We study envy-free mechanisms for assigning tasks to agents, where every task may take a different amount of time to perform by each agent, and the goal is to get all the tasks done as soon as possible (i.e., minimize the makespan). For indivisible tasks, we put forward an envy-free polynomial mechanism that approximates the minimal makespan to within a factor of O(logm), where m is the number of machines. This bound is almost tight, as we also show that no envy-free mechanism can achieve a better bound than Ω(log m/log logm). This improves the recent result of Mu'alem [On multi-dimensional envy-free mechanisms, in Proceedings of the First International Conference on Algorithmic Decision Theory, F. Rossi and A. Tsoukias, eds., Lecture Notes in Comput. Sci. 5783, Springer, Berlin, 2009, pp. 120-131] who introduced the model and gave an upper bound of (m+1)/2 and a lower bound of 2-1/m. For divisible tasks, we show that there always exists an envy-free poly-time mechanism with optimal makespan. Finally, we demonstrate how our mechanism for envy-free makespan minimization can be interpreted as a market clearing problem.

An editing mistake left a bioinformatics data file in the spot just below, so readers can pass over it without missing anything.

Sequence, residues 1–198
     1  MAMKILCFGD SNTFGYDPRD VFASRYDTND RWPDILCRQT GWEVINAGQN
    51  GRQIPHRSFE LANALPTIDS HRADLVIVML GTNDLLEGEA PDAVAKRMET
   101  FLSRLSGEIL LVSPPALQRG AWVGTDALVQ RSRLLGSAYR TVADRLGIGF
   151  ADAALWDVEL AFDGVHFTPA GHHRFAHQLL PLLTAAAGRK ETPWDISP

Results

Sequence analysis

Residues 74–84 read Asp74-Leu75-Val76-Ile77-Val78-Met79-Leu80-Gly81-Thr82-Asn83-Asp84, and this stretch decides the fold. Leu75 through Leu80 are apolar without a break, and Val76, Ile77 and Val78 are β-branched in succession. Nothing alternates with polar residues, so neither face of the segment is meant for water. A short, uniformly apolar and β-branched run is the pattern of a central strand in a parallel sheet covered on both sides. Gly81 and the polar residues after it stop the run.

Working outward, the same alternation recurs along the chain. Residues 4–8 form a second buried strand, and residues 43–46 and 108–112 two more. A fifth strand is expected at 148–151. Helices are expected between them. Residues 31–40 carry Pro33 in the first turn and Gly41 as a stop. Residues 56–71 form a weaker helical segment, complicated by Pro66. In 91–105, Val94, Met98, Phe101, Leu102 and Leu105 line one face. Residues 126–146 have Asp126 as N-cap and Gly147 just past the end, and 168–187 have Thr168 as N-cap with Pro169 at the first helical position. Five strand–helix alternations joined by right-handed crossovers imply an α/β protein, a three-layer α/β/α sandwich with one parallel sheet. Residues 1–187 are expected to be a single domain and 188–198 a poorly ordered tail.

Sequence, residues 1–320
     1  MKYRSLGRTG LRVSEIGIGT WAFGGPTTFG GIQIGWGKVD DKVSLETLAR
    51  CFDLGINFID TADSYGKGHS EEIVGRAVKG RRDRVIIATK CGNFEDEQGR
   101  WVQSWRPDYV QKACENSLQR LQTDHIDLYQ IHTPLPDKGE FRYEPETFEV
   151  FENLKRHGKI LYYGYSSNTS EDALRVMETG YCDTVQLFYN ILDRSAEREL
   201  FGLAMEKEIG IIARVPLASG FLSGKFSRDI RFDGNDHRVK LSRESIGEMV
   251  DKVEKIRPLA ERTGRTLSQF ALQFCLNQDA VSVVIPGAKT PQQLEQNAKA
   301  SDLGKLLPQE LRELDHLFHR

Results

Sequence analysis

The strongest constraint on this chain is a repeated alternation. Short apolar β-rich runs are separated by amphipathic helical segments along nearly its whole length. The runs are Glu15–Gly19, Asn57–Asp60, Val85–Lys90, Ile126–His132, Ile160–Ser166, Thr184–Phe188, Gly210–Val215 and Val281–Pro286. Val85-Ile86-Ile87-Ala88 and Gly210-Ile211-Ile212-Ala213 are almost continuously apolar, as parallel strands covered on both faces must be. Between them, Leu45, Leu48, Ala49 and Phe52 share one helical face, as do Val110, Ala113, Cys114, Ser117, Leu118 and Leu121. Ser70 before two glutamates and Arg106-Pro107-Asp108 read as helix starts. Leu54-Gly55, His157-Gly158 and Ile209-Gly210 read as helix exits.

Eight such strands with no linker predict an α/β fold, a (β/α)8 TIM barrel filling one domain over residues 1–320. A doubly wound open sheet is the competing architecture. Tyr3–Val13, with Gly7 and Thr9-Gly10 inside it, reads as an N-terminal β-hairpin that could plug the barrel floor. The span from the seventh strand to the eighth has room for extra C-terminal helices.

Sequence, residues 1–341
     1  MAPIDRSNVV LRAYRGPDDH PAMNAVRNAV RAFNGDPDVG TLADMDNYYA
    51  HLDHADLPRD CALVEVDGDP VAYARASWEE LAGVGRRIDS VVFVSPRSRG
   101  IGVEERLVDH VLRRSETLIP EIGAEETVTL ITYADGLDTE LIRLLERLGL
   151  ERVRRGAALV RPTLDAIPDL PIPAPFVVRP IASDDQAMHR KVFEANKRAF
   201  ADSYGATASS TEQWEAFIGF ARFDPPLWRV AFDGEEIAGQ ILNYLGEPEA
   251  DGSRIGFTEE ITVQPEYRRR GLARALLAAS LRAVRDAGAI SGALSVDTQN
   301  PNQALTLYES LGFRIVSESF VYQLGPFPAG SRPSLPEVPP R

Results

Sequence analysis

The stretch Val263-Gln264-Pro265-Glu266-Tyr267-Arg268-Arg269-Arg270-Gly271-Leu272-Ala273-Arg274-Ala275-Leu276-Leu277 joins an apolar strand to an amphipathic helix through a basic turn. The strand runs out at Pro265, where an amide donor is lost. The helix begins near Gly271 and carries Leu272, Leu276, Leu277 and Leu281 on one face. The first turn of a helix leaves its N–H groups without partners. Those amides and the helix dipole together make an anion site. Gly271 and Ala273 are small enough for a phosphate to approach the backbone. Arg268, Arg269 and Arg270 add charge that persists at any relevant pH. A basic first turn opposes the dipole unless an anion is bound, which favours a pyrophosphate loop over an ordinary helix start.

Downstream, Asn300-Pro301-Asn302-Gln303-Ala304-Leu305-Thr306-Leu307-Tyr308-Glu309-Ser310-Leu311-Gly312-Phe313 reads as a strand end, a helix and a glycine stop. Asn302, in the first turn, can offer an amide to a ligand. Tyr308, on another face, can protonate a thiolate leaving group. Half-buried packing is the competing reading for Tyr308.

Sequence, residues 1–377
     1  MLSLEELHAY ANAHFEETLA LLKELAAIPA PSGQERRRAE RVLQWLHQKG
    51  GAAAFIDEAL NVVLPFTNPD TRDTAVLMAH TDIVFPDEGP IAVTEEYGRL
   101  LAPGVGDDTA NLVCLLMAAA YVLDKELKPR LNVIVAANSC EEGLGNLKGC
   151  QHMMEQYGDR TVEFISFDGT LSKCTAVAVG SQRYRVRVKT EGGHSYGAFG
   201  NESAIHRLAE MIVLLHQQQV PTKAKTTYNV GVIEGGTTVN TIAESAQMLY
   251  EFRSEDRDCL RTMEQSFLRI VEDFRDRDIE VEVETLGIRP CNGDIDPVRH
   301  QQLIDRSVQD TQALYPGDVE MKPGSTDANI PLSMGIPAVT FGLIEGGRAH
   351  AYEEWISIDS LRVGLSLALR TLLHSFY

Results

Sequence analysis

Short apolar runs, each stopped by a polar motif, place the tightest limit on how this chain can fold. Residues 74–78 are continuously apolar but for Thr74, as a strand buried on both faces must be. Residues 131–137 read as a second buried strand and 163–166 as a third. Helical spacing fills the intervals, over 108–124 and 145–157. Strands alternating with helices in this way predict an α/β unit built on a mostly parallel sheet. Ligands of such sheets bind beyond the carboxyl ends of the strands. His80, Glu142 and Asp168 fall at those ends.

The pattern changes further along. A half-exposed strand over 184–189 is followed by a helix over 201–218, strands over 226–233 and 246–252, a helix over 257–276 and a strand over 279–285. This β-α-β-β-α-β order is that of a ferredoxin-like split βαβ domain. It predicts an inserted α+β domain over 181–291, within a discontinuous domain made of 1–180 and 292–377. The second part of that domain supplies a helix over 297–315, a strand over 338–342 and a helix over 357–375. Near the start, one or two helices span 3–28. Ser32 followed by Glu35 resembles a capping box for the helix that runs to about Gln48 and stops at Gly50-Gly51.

- Algorithmic mechanism design